The day after Dag Hammarskjold was killed, I went to his office on the
38th floor of the U.N. Secretariat building. As I stood in the empty
room, I could see in my mind's eye that blond and slender man greeting
me and asking me to sit down at a low round table in one corner of the
room. There were many times in recent history when the only place in
the world where the representatives of great states could meet and talk
was at that low round table.
Sir Gladwyn Jebb of the United Kingdom suggested Lester Pearson of Canada,
but the Soviet Union objected.
At last Henri Hoppenot of France brought up the name of Dag Hammarskjold.
From that lime on I saw Dag Hammarskjold almost every day. He was at
the center of every major crisis—the Palestine question, the U.S.
fliers held prisoner in China, the problems of Suez, Hungary, Lebanon,
Laos and finally the Congo. He was a remarkable man to watch. He had
a penetrating intellect, quick to analyze a problem with great clarity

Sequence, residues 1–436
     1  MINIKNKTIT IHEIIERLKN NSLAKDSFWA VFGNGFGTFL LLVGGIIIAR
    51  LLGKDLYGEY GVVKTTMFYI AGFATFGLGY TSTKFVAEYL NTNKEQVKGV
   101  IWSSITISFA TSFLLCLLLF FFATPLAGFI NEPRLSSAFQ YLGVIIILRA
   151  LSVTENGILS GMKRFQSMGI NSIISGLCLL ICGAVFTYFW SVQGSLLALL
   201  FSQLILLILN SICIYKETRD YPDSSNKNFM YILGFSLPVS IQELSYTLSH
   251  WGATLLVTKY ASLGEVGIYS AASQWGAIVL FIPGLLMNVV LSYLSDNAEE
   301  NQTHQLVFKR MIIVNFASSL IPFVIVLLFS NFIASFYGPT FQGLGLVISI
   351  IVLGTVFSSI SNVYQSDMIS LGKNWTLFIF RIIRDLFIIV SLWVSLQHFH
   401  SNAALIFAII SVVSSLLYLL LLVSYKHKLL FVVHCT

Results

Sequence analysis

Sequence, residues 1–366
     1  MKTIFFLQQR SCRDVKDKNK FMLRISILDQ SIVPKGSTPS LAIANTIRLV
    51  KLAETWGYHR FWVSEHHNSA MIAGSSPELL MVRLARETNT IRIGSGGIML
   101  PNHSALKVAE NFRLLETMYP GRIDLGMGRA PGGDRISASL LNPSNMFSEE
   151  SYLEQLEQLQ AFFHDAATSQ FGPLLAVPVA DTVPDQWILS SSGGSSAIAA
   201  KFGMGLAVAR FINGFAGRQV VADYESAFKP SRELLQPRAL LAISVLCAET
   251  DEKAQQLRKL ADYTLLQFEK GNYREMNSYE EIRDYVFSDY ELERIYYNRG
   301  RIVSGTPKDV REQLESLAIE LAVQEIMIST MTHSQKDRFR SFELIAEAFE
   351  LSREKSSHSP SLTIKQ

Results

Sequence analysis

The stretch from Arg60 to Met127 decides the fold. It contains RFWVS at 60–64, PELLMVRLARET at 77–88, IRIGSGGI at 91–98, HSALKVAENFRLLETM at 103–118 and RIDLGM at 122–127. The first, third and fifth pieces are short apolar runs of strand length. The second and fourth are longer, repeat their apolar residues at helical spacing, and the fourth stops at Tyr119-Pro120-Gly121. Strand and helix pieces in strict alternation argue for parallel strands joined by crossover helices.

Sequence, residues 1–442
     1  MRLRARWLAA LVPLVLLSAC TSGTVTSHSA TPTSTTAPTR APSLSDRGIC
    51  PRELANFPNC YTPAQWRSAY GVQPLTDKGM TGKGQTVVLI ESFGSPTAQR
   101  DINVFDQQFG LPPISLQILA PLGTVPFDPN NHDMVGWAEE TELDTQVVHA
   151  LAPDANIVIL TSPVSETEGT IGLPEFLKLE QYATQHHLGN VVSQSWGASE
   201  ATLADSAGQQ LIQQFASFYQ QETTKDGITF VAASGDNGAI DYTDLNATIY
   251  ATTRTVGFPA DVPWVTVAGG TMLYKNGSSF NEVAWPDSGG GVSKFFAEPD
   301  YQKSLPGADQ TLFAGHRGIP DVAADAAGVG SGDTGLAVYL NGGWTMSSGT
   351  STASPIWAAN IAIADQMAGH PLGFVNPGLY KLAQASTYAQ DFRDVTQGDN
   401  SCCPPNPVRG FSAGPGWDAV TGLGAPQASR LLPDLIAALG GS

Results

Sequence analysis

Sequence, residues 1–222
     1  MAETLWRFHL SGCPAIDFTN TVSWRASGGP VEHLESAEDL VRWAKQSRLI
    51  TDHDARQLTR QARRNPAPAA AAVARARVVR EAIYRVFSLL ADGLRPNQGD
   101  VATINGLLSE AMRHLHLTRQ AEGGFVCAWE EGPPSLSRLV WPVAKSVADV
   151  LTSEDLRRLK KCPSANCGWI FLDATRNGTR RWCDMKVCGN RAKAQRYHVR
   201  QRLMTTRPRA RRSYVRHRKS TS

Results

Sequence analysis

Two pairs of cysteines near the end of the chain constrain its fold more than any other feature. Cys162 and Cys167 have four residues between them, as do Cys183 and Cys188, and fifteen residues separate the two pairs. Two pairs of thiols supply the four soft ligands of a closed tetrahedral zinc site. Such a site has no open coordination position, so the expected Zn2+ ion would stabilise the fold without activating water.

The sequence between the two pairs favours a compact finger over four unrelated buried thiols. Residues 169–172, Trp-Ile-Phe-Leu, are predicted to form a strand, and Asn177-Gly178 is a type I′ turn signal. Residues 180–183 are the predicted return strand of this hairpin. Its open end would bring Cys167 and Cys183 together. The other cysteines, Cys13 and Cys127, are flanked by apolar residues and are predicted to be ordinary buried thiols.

and imaginative in evolving solutions. Some people thought he was a hair-splitter,
but this was only his uncanny ability to see distinctions and shadings
and to realize that they were vitally important.
I have seen him work day and night without exercise, without fresh air,
without sleep, and still be effective.
This was only partly a matter of his constitution.
The world at large had a picture of Dag Hainmarskjold as a cool, distant,
machinelike man. This was not a true picture, but it was an understandable
He had once been a passionate mountain climber.
He collected painting and sculpture from Africa and Asia.
He once told me that he thought his job was to show nations "where
I find something symbolic about his losing his life in the Congo.
Behind every historic action, national or international, is the individual